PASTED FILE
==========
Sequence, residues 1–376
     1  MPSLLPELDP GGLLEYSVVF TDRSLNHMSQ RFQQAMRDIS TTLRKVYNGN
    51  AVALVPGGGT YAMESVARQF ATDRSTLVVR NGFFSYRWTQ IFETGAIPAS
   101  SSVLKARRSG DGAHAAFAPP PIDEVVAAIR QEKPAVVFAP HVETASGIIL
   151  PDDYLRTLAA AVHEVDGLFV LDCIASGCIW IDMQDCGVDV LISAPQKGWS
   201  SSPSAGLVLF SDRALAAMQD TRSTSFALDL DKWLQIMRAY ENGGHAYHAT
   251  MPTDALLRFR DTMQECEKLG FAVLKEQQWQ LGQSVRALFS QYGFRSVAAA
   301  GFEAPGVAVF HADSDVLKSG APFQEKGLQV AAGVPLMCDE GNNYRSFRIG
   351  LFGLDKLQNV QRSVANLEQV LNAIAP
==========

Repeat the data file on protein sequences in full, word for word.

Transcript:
Sequence, residues 1–376
     1  MPSLLPELDP GGLLEYSVVF TDRSLNHMSQ RFQQAMRDIS TTLRKVYNGN
    51  AVALVPGGGT YAMESVARQF ATDRSTLVVR NGFFSYRWTQ IFETGAIPAS
   101  SSVLKARRSG DGAHAAFAPP PIDEVVAAIR QEKPAVVFAP HVETASGIIL
   151  PDDYLRTLAA AVHEVDGLFV LDCIASGCIW IDMQDCGVDV LISAPQKGWS
   201  SSPSAGLVLF SDRALAAMQD TRSTSFALDL DKWLQIMRAY ENGGHAYHAT
   251  MPTDALLRFR DTMQECEKLG FAVLKEQQWQ LGQSVRALFS QYGFRSVAAA
   301  GFEAPGVAVF HADSDVLKSG APFQEKGLQV AAGVPLMCDE GNNYRSFRIG
   351  LFGLDKLQNV QRSVANLEQV LNAIAP